Mar 142019
 

I find it interesting going through my own games from the pre-computer age of chess. It certainly shows me that I wasn’t very good when I started playing seriously, but it also reveals that I wasn’t that great at analysis either.

There are more than a few games where I’ve kind of remember playing well, but after putting it through a modern engine, I’ve realised that it was more a question of “who makes the second last mistake” that decides the outcome. 
The game I’ve chosen to show this was not in fact my first (or second choice). However, those games turned out to be true blunder fests (including missed forced mates from my opponents), leaving me with this relatively tame example. There were a couple of opportunities for me to gain the upper hand (14.fxe6! and 18.Bxd5!) but the real mistake for my opponent was 22…Nf5. This allowed me to capture on d5, and get the tactics working in my favour. Fortunately there were no big mistakes after that (although I did miss a line leading to a quicker checkmate).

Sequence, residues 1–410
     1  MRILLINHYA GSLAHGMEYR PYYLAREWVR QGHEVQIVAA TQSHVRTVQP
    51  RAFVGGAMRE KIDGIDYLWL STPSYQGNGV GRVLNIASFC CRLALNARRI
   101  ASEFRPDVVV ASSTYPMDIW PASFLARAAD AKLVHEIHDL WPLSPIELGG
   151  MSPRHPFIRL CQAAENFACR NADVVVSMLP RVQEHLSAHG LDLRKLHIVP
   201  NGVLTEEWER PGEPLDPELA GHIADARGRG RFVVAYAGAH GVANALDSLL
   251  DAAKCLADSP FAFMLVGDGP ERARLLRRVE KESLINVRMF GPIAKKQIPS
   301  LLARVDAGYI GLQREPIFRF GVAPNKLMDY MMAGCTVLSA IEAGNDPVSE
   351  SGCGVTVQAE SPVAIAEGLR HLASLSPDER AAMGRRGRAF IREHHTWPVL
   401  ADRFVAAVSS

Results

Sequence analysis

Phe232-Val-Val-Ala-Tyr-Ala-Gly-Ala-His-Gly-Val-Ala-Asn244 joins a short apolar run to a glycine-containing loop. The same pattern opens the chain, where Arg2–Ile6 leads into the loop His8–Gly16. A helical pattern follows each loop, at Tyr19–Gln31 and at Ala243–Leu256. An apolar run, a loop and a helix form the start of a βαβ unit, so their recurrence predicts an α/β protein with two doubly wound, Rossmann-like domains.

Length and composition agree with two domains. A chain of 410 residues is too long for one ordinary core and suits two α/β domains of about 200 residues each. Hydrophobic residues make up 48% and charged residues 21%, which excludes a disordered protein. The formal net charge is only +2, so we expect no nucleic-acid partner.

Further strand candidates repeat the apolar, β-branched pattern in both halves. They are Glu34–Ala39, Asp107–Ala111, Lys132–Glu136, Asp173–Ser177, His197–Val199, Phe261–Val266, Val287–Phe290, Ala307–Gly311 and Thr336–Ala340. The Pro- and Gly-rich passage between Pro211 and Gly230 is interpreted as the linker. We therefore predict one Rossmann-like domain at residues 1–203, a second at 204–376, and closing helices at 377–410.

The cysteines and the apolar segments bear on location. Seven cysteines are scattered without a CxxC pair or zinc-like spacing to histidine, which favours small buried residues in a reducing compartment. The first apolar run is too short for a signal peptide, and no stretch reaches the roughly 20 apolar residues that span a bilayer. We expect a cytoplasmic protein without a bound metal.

Press,Shaun – Cohen,Stan [B23]
Doeberl Cup (7), 04.04.1988 new PgnViewer( { boardName: “game956”, movesFormat: “default”, pgnString:’1.e4 c5 2.Nc3 Nc6 3.f4 d6 4.Nf3 g6 5.Bc4 Nh6 6.O-O Bg4 7.h3 Bxf3 8.Rxf3 Bg7 9.d3 e6 10.Rf1 a6 11.f5 gxf5 12.Bxh6 Bxh6 13.exf5 d5 14.Bb3 Qg5 15.fxe6 fxe6 16.Qe1 Qe3+ 17.Kh1 Nd4 18.Qh4 Qg5 19.Qxg5 Bxg5 20.Rae1 Kd7 21.Rf7+ Kc6 22.Ne2 Nf5 23.Bxd5+ Kxd5 24.Nc3+ Kc6 25.Rxe6+ Nd6 26.Ne4 Kd5 27.Rxd6+ Ke5 28.Rdd7 Bf4 29.Rde7+ 1-0′, pauseBetweenMoves: 500, pieceSize: 29 } );

Where would we be without satnav?
Source: Chessexpress